In collaboration with the Museo Nazionale di Capodimonte, Naples and the Los Angeles County Museum of Art, the Kunsthistorische Museum is putting on the first monographic exhibition of Luca Giordano (1634-1705), the most significant and influential Neapolitan painter of the second half of the 17th century. Giordano was significant because through him Naples became not only the leading artistic centre in Italy next to Rome he worked for the most important patrons and church institutions in Rome, Florence and Venice but also began to play an essential role internationally: Giordano painted at central European courts, the imperial court among others, and was active as court painter to the last Hapsburg on the Spanish throne, Charles II in Madrid, the Escorial and Toledo between 1692 and 1702. He was influential because his painting was the most important link between the Roman high baroque and what is generally understood to be rococo painting. He was highly influential for Venetian painters of the 18th century, such as Sebastiano Ricci and Giovanni Battista Tiepolo, but also for the fathers of baroque painting in Austria and southern Germany, Johann Michael Rottmayr and Martino Altomonte. His widely used international nickname, ´Fa presto´, refers to the lightness and speed of his large production. Elegance, painterly bravura, a sophisticated palette and brilliant compositions distinguish his work.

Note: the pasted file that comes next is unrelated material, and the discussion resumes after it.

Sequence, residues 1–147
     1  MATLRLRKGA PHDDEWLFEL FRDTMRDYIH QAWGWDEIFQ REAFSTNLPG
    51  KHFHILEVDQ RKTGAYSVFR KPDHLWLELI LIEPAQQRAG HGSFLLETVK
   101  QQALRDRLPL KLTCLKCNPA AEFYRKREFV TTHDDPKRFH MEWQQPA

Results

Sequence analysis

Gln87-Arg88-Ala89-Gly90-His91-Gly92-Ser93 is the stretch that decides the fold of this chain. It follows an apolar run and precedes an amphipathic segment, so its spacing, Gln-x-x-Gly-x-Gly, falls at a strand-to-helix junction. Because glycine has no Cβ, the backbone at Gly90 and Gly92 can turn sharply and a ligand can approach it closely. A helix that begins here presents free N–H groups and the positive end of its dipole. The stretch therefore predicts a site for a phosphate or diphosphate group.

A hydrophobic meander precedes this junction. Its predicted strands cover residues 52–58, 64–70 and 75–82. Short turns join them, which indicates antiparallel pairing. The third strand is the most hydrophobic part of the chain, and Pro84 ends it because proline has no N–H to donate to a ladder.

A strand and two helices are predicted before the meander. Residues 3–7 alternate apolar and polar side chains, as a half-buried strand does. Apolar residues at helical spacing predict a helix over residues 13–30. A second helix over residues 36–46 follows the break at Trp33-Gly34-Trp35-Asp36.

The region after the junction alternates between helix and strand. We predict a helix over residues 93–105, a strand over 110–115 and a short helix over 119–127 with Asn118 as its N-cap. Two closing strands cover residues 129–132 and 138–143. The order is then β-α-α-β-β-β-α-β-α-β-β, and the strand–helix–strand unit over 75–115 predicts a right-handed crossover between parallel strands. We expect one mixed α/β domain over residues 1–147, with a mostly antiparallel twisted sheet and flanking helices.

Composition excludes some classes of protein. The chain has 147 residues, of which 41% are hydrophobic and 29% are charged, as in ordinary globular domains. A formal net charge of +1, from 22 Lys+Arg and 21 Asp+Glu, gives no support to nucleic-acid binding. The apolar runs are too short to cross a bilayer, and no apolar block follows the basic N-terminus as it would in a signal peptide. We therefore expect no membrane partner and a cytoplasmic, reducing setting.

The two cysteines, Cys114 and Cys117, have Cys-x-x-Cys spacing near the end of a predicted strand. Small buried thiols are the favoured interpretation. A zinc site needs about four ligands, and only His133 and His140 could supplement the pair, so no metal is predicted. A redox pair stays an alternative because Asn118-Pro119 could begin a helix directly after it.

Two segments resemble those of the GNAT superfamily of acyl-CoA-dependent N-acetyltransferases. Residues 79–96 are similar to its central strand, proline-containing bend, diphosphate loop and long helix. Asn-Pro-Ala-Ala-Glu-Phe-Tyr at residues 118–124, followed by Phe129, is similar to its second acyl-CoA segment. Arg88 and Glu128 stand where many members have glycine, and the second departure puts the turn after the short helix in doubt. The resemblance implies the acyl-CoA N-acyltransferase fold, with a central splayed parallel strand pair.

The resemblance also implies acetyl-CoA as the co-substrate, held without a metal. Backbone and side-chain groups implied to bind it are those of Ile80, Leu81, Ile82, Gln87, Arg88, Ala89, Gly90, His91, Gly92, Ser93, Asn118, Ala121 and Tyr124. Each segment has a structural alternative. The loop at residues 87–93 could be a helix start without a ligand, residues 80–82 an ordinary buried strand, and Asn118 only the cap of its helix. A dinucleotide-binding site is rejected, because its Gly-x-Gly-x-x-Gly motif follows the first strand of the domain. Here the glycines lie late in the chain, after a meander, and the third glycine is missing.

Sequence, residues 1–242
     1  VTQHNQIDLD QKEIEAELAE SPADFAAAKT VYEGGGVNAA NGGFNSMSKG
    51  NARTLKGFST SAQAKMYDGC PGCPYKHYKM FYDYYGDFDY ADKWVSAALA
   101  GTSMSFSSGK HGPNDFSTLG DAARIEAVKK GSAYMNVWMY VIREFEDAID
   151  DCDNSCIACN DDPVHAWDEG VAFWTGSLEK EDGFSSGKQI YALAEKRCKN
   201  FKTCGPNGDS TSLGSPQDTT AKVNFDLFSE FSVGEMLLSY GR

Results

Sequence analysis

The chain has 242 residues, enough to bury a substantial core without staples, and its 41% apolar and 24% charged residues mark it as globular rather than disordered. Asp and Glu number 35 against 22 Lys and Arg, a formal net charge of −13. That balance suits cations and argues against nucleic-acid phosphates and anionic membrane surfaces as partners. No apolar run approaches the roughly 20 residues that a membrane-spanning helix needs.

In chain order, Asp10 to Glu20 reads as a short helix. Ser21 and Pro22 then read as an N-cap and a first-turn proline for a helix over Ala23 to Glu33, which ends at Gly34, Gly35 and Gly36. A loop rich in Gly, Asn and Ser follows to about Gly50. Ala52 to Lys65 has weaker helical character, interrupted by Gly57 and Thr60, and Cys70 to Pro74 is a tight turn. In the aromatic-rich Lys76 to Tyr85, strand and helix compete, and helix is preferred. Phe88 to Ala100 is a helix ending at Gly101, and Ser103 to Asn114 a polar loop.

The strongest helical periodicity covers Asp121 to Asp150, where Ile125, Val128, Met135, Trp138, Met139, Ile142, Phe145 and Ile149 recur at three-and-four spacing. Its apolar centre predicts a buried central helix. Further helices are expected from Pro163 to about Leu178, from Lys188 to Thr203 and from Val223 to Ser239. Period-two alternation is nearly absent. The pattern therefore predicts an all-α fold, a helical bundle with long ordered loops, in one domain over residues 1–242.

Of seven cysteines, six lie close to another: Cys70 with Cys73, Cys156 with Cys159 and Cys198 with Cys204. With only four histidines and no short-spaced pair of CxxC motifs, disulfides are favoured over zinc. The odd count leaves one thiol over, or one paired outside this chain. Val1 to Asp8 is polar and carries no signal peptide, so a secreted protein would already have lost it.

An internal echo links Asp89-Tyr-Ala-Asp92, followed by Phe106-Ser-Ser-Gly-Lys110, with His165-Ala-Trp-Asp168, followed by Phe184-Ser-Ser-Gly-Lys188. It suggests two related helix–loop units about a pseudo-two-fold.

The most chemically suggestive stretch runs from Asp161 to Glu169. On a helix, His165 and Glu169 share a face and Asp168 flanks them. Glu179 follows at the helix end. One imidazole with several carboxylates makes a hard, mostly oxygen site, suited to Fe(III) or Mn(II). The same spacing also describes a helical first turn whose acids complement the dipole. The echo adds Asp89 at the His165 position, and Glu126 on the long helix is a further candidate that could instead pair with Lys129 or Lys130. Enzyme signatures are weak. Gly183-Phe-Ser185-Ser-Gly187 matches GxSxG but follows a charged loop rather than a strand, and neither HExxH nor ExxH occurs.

The exhibition starts in Naples (3.3.-27.5.2001) and then comes to Vienna, with around 80 paintings and 40 drawings, to the picture gallery of the KHM on the Ring (17.6.-7.10.2001). Afterwards it travels to LA in a somewhat reduced form (4.11.2001 20.1.2002).
A special attraction for the connoisseur will be the numerous sketches of painterly virtuosity for which Giordano was already famous in his own lifetime. He used them in the preparation of his large picture cycles in Naples, Florence and Madrid. Besides the St. Michael from the KHM (formerly in the church of the Minor Friars, Vienna), a number of monumental altar paintings from Naples will be exhibited in Vienna. Loans are coming from the large museums of Europe and the USA (among others Naples, Rome, Florence, Verona, Vienna, Munich, Dresden, Berlin, Frankfurt, Budapest, Paris, Brest, London, Manchester, Philadelphia, Norfolk, Toledo and Boston) and many international private collections. A richly illustrated catalogue will appear in the three languages of the exhibition partners.